Under the Skin (2013) directed by Jonathan Glazer, and written by Jonathan Glazer and Walter Campbell. This movie stars Scarlett Johansson and Jeremy McWilliams, and is based on the novel Under the Skin by Michel Faber.
Synopsis: Scarlett Johansson plays an alien femme fatale who inhabits the body of an attractive female in Scotland. She travels around in a white van, and tempts men into her van. She then takes them to a remote location where she kills them.
The story begins with a man riding on a motorcycle (Jeremy McWilliams). He retrieves a woman’s body from a field, and then Johansson strips her of her clothes. She then begins exploring to find items to beautify herself – i.e. a shopping centre and purchases make-up.
In a series of scenes, we see her white van pulling up, and her speaking to men in a flirtatious manner. She uses an English accent which clearly elucidates that she is not local. Captivated by her beauty, the men get into her van and she drives them to her lair. Once they get there, the men strip off and become immersed in a sea of liquid and unable to escape; much like the way spiders catch their prey in their webs. During her capture of these men, the enigmatic motorcyclist is never too far away.
Despite this, there is a scene where she captures a physically deformed man and takes him to her lair. She then decides to set him free – only to then be captured by the motorcyclist and bundled into a car. This clearly states that the motorcyclist is having a clear influence on proceedings, but also that there is more to Johansson than her temptress ways.
As the story progresses, the act of snaring unsuspecting men takes a turn with more focus being on adapting to life as a human. We see her trying to eat like a human, and also see her trying to have sex with a man who takes care of her.
This is not a mainstream science fiction movie by any means, and this needs to be noted before viewing. It is weird, and definitely not to everybody’s taste. The movie is also very slow, and not a lot happens. However, having said that, an interesting story is at the heart of this movie.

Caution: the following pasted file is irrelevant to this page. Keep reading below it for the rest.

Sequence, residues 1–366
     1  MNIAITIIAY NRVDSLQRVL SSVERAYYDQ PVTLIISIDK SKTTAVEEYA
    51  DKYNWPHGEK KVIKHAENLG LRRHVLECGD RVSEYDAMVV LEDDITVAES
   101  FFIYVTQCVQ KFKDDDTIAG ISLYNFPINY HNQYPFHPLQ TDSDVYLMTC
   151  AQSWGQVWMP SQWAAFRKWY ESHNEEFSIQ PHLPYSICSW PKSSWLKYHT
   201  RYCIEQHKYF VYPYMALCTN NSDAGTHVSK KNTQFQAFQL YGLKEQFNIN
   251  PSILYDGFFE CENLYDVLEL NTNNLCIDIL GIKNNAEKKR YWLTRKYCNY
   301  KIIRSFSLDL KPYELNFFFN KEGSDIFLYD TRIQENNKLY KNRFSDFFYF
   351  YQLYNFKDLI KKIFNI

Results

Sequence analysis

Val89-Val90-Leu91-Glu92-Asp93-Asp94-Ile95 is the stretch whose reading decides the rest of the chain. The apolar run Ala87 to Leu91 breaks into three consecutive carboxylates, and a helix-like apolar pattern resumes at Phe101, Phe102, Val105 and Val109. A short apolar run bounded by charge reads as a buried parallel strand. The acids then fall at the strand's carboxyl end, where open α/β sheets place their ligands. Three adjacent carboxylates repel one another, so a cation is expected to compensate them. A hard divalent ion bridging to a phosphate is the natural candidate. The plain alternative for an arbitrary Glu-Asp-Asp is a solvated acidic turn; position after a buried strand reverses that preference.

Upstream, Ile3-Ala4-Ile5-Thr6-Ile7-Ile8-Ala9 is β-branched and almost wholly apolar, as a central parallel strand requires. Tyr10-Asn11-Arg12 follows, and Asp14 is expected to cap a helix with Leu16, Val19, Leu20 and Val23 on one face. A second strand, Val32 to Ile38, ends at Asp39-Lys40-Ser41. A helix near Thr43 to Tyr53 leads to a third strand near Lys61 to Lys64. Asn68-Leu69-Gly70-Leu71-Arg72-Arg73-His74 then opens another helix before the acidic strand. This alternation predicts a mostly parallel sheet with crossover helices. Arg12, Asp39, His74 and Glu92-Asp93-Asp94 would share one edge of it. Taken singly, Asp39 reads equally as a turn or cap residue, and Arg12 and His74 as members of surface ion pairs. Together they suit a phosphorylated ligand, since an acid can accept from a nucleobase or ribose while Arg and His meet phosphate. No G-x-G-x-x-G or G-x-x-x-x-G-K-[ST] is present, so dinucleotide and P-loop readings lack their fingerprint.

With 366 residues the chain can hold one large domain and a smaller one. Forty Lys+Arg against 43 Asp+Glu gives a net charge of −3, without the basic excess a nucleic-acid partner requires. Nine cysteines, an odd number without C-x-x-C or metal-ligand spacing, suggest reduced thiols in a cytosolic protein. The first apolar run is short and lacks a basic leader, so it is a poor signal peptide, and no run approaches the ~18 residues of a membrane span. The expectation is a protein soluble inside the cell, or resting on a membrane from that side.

Ultimately, this is a story about an alien trying to adapt to human life, and the various aspects that come with this. Having not read the novel, I cannot comment on how true this adaptation was; however, the writers achieved what they set out to do in making a decent movie pertaining to these themes.
This movie does not telegraph its revelations, and remains quite ambiguous. For instance, the motorcyclist character is very mysterious, and although he seems to be assisting Johansson along the way and generally being a strong presence, it is never revealed what/who he actually is. Is he an alien too or some kind of human accomplice?
Having said that, the ambiguity works and the characters are believable. From research, the men who she invites into her van were not actors and had no idea they were being filmed at first. This adds an element of realism to the story, and was very effective.
Johansson was also intriguing as the story’s protagonist. This is definitely not with the mainstream roles she has featured in of late which was refreshing to see. I even rooted for her at a certain scene towards the end where a man tries to rape her. Despite the fact she killed a group of men earlier on, I cared for her which clearly shows the filmmakers got her characterisation right.
With regards to setting, this was filmed practically on my doorstep. Being from Glasgow, the gritty locations they chose were instrumental in creating the sense of unease and tension that were so integral to the movie.
Overall, this is an interesting movie which does the job despite having a very limited budget. Science fiction can definitely be done on a small budget, and I would recommend this for something out-with the norm.
By Robert Spence